"Their responses seem to raise as many questions as they answer," Blumenthal said in an interview. "Their answers are less than crystal clear."

Nofineprint Regardless of the outcome with the Connecticut State Attorney General, this is a lesson to be learned.  Consumers are growing more and more tech savvy every day, and deceptive practices really can harm your reputation online, along with getting you into hot water with the state or the FTC.  If you have some kind of "game" going on, don't be surprised if its a potential customer that "outs" you and not your competition.

There's a discussion about Best Buy's Secret Website going on in the blogosphere, but what caught my eye and found relevant about this story was that the state government is now involved.  From a "Search & Regulated Industry" look at things - it's important to note, if it seems to be a "deceptive marketing practice" and you're a huge retailer, you will probably be getting a phone call from your state capital or the FTC.

January 04, 2007

Four Major Weight-Control Pill Marketers Get Slammed By The FTC

By Li Evans

Trimspa Just as the new year is settling in with a lot of people hoping to loose weight as a new year's resolution, 4 Diet Pill Marketers have reached a multi-million dollar settlement with the Federal Trade Commission (FTC).  The makers of Xenadrine EFX, CortiSlim, TrimSpa, and One-A-Day WeightSmart settled for a combine total of $25 million for Allegations of Deceptive Marketing.  It should be noted that the four companies have not admitted to any wrong doing by settling.  They just felt it was cheaper to settle out of court with the FTC than to keep pursuing the legal battle.

A little over a week ago I wrote about the states' attorney generals taking action against deceptive marketing practices on the internet, now we have another case of deceptive marketing brought by the FTC.  The FTC keeps a keen eye on the weight loss/vitamin/energy supplement market, so if you are selling Hoodia pills through deceptive means, the FTC might be breathing down your neck, next.

Redflag I highlight this industry in my presentation at SES on the Search & Regulated industry panel.  I bring up the vitamin/supplement area and the diet area as separate entities.  Of the two, diet by far gets the harder look at.  The FTC is quite serious about cracking down on diet pill manufacturers' deceptive marketing practice, so much so they have even set up their own "mini" website to help shoppers/dieters be able to pinpoint just what is a false or deceptive claim.  The website is aptly named "Red Flag".

Ftc There was no mention in the article of any of the marketing (internet or otherwise) companies nor webmasters involved with these products being fined in with this.  Nothing can be assumed from that however, other than the fines were directly to the producers of the pills.  It is possible for the FTC to bring suit against the marketing agencies and webmasters - if they feel the companies knowingly helped to perpetuate the deceptive marketing.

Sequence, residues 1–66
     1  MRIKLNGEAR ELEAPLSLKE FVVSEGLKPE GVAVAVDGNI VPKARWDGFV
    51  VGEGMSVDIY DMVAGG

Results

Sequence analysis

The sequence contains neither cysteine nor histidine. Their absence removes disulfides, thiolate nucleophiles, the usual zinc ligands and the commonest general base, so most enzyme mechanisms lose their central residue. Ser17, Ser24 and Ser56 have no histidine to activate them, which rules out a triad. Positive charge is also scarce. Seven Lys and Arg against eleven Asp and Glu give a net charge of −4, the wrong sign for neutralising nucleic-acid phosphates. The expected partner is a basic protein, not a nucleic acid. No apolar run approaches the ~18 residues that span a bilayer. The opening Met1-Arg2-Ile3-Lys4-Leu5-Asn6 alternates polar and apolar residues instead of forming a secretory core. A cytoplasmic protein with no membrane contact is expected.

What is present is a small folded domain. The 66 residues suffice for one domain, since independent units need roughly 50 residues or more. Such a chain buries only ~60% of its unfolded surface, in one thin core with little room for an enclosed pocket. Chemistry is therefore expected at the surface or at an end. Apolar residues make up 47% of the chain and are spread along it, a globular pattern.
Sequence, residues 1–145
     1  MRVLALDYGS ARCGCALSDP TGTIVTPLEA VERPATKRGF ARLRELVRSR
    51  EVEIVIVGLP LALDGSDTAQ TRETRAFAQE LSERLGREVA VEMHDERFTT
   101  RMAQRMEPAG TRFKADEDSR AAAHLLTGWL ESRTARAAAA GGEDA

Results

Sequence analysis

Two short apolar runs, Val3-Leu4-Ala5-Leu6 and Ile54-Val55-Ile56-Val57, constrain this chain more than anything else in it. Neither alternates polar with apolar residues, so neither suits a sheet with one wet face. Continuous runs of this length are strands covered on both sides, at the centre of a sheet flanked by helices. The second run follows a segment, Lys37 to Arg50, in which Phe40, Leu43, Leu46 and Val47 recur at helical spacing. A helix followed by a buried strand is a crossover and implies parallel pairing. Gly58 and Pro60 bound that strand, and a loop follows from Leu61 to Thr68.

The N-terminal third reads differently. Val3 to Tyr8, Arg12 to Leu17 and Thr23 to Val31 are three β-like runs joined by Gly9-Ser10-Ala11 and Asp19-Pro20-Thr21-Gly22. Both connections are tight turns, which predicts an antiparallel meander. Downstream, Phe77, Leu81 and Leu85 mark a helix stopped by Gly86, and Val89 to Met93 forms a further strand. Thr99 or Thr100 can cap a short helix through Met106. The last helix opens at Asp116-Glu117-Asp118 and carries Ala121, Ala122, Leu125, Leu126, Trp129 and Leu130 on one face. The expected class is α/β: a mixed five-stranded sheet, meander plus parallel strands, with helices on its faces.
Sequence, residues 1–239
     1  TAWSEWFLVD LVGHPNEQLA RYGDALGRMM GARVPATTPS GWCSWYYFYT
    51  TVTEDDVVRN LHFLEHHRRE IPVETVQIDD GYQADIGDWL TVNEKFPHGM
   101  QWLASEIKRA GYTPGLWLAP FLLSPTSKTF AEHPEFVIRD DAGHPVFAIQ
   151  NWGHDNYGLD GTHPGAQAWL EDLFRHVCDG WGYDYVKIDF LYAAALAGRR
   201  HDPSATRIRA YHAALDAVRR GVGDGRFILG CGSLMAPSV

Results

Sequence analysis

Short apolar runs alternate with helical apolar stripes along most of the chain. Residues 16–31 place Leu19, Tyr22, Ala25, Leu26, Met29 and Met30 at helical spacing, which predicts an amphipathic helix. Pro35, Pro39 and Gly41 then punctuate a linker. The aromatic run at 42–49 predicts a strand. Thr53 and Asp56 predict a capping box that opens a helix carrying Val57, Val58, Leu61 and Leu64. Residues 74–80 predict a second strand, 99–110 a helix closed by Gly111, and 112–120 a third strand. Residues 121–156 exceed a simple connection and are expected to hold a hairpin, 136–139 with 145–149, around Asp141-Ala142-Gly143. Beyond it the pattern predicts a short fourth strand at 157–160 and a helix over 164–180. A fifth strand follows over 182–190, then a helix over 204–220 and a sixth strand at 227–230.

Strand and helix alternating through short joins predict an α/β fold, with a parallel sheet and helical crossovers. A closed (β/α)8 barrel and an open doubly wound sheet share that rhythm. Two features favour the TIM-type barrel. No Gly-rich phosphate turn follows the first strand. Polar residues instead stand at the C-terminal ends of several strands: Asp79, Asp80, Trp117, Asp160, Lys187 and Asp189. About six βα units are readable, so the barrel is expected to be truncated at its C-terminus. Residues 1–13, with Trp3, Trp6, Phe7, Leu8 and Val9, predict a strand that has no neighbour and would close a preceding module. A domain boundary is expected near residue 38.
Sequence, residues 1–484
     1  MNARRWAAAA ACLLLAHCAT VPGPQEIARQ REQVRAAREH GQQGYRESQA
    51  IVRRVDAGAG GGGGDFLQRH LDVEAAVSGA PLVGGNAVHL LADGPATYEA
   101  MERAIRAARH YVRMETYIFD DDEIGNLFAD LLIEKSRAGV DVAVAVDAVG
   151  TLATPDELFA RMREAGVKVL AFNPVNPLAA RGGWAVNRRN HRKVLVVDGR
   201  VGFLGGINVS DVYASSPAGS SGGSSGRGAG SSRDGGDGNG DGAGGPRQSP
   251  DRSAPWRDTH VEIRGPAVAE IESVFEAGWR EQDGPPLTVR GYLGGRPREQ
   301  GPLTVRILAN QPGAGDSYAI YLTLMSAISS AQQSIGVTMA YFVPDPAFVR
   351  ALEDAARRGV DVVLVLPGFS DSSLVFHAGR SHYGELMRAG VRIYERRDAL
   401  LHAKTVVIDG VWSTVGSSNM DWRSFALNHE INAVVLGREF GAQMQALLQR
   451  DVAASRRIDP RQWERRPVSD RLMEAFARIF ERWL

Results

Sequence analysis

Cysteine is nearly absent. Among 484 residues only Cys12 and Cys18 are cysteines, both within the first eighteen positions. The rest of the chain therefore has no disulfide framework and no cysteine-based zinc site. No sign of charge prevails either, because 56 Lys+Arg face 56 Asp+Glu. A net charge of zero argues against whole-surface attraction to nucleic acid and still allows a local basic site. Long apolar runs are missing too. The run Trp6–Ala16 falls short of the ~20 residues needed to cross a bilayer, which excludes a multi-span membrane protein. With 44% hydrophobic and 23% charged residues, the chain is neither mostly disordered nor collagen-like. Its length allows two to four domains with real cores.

So, if you as a marketer for a client that is selling any type of product that is making claims that might seem a little outrageous, consult legal counsel before proceeding - it just might save you the headache of dealing with the FTC, when they think the claims are outrageous, too.

December 27, 2006

Who Handles Regulations in Internet Marketing? The FTC or State Attorney Generals?

By Li Evans

As a speaker on the Search & Regulated Industries panel for Search Engine Strategies, I tend to keep and eye out for "legal" or "regulation" items of interest that could affect Search Marketers in their efforts to promote their clients businesses.  While reading through some of my blog subscriptions, I came across a piece about the state of Illinois suing the software company iMergent (IIG).

Illinois_large_co The Illinois State Attorney General, Lisa Madigan, is bringing the lawsuit because the Attorney General's office believes that two companies operated by iMergent operated in a fraudulent manor, by misleading "consumers with false promises to set up online stores".  iMergent has categorically denied the the state of Illinois' allegations.

Nyagseal There's a reason I bring this to your attention.  More and more frequently we are seeing the individual state's attorney generals going after websites and internet marketers that are practicing deceptive tactics, not the FTC.  Although the official governing body over trade and commerce (including what happens on the internet) in the United States is the FTC, the individual states are taking up the cause of their state residents who are defrauded.  However, it isn't like like the A.G.'s are consistently scanning the internet for websites and marketers to target, they don't act on these types of cases unless they get enough complaints from its state residents.

Popupads So if you are operating an unethical and fraudulent business on the internet and think the FTC is never going to come down on you because "your small" or you think the FTC is "backlogged" - you have to look over your other shoulder.  Why?  Because your state's Attorney General could be tapping on it very shortly, just take a look at what New York's Elliot Spitzer has been going after (subscription required to view article, but free to sign up!).